Lawnside, New Jersey

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This article is about Lawnside, New Jersey, USA. For Lawnside School, Malvern, UK, see Malvern St James.
Lawnside, New Jersey
Borough
Borough of Lawnside
Lawnside highlighted in Camden County. Inset: Location of Camden County in the State of New Jersey.
Lawnside highlighted in Camden County. Inset: Location of Camden County in the State of New Jersey.
Census Bureau map of Lawnside, New Jersey
Census Bureau map of Lawnside, New Jersey
Coordinates: 39°52′02″N 75°01′44″W / 39.867196°N 75.028807°W / 39.867196; -75.028807Coordinates: 39°52′02″N 75°01′44″W / 39.867196°N 75.028807°W / 39.867196; -75.028807[1][2]
Country  United States
State  New Jersey
County Camden
Incorporated April 20, 1926
Government[5]
 • Type Borough
 • Mayor Mary Ann Wardlow (term ends December 31, 2018)[3]
 • Administrator Jay Todd[4]
 • Clerk Sylvia A. Vannockay[4]
Area[1]
 • Total 1.408 sq mi (3.647 km2)
 • Land 1.408 sq mi (3.647 km2)
 • Water 0.000 sq mi (0.000 km2)  0.00%
Area rank 460th of 566 in state
25th of 37 in county[1]
Elevation[6] 85 ft (26 m)
Population (2010 Census)[7][8][9]
 • Total 2,945
 • Estimate (2013)[10] 2,931
 • Rank 455th of 566 in state
29th of 37 in county[11]
 • Density 2,091.5/sq mi (807.5/km2)
 • Density rank 287th of 566 in state
30th of 37 in county[11]
Time zone Eastern (EST) (UTC-5)
 • Summer (DST) Eastern (EDT) (UTC-4)
ZIP code 08045[12][13]
Area code(s) 856 exchanges: 310, 546, 547, 573, 672[14]
FIPS code 3400739420[1][15][16]
GNIS feature ID 0885274[1][17]
Website www.lawnside.net

Lawnside is a borough in Camden County, New Jersey, United States. As of the 2010 United States Census, the borough's population was 2,945,[7][8][9] reflecting an increase of 253 (+9.4%) from the 2,692 counted in the 2000 Census. In the previous decade, the population of the small community had declined by 149 (-5.2%) from the 2,841 counted in the 1990 Census.[18]

Lawnside was developed and incorporated as the first independent, self-governing black municipality north of the Mason-Dixon Line. The United Parcel Service has a large depot in the borough.

History[edit]

Lawnside school c.1940
A tavern in Lawnside c.1940

The land that was developed as Lawnside was purchased in 1840 by abolitionists for a community for freed and escaped slaves, as well as other African Americans.

On April 20, 1926, an "Official Special Election" was held in the Borough of Lawnside. Just one month earlier, on March 24, 1926, Governor of New Jersey A. Harry Moore signed into law New Jersey General Assembly Bill 561, dissolving Centre Township, of which Lawnside was a part, and incorporating the Borough of Lawnside, which also included portions of the borough of Barrington.[19] With its first election, Lawnside became the first independent self-governing African American community north of the Mason-Dixon line.[20]

Geography[edit]

According to the United States Census Bureau, Lawnside borough had a total area of 1.408 square miles (3.647 km2),all of which was land.[1][2]

Lawnside borders Barrington, Cherry Hill, Magnolia, Somerdale, and Tavistock.

Demographics[edit]

Historical population
Census Pop.
1930 1,379
1940 1,270 −7.9%
1950 1,566 23.3%
1960 2,155 37.6%
1970 2,757 27.9%
1980 3,042 10.3%
1990 2,841 −6.6%
2000 2,692 −5.2%
2010 2,945 9.4%
Est. 2013 2,931 [10][21] −0.5%
Population sources:1930-2000[22]
1930[23] 1930-1990[24] 2000[25][26] 2010[7][8][9]

Census 2010[edit]

At the 2010 United States Census, there were 2,945 people, 1,103 households, and 762.2 families residing in the borough. The population density was 2,091.5 per square mile (807.5/km2). There were 1,174 housing units at an average density of 833.7 per square mile (321.9/km2). The racial makeup of the borough was 4.21% (124) White, 88.83% (2,616) Black or African American, 0.65% (19) Native American, 1.43% (42) Asian, 0.00% (0) Pacific Islander, 1.66% (49) from other races, and 3.23% (95) from two or more races. Hispanics or Latinos of any race were 4.38% (129) of the population.[7]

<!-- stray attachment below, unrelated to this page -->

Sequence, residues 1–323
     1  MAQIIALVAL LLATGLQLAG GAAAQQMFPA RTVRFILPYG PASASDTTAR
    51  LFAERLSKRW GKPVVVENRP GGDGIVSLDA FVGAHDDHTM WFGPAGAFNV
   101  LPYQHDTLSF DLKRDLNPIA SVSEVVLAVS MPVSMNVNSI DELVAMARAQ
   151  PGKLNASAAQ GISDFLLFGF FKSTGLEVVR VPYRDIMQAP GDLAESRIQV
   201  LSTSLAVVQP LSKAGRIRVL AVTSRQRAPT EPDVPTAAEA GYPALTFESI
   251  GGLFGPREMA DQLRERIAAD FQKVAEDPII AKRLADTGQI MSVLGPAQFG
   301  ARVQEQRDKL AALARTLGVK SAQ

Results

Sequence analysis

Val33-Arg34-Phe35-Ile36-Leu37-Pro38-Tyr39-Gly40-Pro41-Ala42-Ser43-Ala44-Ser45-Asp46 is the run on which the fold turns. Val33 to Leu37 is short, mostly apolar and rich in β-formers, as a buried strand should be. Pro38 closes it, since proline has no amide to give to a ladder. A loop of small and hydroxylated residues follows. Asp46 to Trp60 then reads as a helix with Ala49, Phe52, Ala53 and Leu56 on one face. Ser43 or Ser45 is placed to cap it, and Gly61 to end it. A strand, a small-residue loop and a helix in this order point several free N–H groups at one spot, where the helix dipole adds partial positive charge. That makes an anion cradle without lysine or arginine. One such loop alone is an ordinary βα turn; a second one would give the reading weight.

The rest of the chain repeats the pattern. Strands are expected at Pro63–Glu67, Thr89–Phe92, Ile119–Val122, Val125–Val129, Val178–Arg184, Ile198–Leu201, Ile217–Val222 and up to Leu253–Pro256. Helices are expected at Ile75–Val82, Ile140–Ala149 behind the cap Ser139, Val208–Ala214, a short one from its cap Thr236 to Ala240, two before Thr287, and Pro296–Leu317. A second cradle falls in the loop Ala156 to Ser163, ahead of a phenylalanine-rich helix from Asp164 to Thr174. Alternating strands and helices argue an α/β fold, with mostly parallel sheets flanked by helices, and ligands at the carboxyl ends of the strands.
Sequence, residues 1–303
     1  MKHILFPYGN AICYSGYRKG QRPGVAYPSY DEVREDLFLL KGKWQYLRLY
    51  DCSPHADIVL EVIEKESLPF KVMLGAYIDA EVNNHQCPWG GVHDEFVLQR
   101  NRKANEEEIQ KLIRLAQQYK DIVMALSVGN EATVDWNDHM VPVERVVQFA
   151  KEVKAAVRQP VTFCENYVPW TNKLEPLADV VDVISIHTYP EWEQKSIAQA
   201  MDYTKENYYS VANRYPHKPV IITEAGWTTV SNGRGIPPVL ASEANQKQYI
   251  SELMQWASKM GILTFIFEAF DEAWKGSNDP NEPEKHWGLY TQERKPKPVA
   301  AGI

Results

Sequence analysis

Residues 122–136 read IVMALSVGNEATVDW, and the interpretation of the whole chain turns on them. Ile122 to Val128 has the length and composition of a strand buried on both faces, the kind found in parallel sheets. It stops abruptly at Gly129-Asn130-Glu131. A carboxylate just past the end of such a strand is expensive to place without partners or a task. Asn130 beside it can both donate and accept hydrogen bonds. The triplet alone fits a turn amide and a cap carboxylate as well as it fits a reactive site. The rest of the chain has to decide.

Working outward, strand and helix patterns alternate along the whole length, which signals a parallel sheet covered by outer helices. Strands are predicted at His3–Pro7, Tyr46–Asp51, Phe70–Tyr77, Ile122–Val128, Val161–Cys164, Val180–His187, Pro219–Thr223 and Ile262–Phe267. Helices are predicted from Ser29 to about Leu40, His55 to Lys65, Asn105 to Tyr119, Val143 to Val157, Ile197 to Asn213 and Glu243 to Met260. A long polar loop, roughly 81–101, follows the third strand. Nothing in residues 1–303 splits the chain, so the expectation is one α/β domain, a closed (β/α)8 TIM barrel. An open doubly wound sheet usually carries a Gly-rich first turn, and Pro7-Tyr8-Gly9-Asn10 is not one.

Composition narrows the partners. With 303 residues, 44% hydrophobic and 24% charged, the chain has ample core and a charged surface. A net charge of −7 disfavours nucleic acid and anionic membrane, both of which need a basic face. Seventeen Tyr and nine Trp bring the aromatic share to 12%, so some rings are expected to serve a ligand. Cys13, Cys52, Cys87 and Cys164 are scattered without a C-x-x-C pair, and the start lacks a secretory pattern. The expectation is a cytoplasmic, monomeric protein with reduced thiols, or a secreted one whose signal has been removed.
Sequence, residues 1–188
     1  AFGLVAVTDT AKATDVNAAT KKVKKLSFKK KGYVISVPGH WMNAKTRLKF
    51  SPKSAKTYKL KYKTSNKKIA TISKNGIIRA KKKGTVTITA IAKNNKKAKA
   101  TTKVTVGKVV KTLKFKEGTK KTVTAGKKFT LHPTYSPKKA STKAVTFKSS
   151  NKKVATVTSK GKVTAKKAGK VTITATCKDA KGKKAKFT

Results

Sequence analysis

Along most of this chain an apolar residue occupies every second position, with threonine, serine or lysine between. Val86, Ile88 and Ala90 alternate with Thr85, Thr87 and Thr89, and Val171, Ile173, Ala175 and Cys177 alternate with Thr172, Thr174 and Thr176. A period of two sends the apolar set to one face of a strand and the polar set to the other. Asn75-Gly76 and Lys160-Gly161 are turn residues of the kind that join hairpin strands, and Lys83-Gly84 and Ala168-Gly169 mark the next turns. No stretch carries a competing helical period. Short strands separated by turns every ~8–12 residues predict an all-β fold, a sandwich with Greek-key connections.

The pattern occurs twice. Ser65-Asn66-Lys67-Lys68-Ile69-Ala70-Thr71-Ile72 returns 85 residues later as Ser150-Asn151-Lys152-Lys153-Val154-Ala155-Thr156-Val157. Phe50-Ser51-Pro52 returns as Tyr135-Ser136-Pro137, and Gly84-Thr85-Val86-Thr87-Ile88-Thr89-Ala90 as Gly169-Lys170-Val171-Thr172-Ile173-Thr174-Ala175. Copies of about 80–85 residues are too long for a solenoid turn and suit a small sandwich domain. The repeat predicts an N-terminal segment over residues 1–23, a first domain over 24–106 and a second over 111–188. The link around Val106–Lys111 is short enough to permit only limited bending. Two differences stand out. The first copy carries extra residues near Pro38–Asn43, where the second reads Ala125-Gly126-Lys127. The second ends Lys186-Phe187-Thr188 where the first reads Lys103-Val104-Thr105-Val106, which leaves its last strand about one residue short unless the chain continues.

There were 1,103 households, of which 25.7% had children under the age of 18 living with them, 37.4% were married couples living together, 24.5% had a female householder with no husband present, and 30.9% were non-families. 26.7% of all households were made up of individuals, and 11.5% had someone living alone who was 65 years of age or older. The average household size was 2.66 and the average family size was 3.23.[7]

In the borough, 23.3% of the population were under the age of 18, 8.9% from 18 to 24, 22.3% from 25 to 44, 28.2% from 45 to 64, and 17.3% who were 65 years of age or older. The median age was 41.4 years. For every 100 females there were 84.4 males. For every 100 females age 18 and over, there were 78.1 males.[7]

The Census Bureau's 2006-2010 American Community Survey showed that (in 2010 inflation-adjusted dollars) median household income was $56,006 (with a margin of error of +/- $5,232) and the median family income was $58,790 (+/- $6,229). Males had a median income of $46,705 (+/- $9,519) versus $43,239 (+/- $9,333) for females. The per capita income for the borough was $25,086 (+/- $3,210). About 12.3% of families and 12.7% of the population were below the poverty line, including 15.7% of those under age 18 and 10.1% of those age 65 or over.[27]

Census 2000[edit]

As of the 2000 United States Census[15] there were 2,692 people, 1,026 households, and 700 families residing in the borough. The population density was 1,919.7 people per square mile (742.4/km2). There were 1,110 housing units at an average density of 791.6 per square mile (306.1/km2). The racial makeup of the borough was 93.61% African American, 1.75% White, 1.00% Native American, 0.52% Asian, 0.07% Pacific Islander, 0.48% from other races, and 2.56% from two or more races. Hispanic or Latino of any race were 2.38% of the population.[25][26]

There were 1,026 households out of which 23.5% had children under the age of 18 living with them, 40.1% were married couples living together, 22.4% had a female householder with no husband present, and 31.7% were non-families. 28.4% of all households were made up of individuals and 14.6% had someone living alone who was 65 years of age or older. The average household size was 2.62 and the average family size was 3.23.[1][26]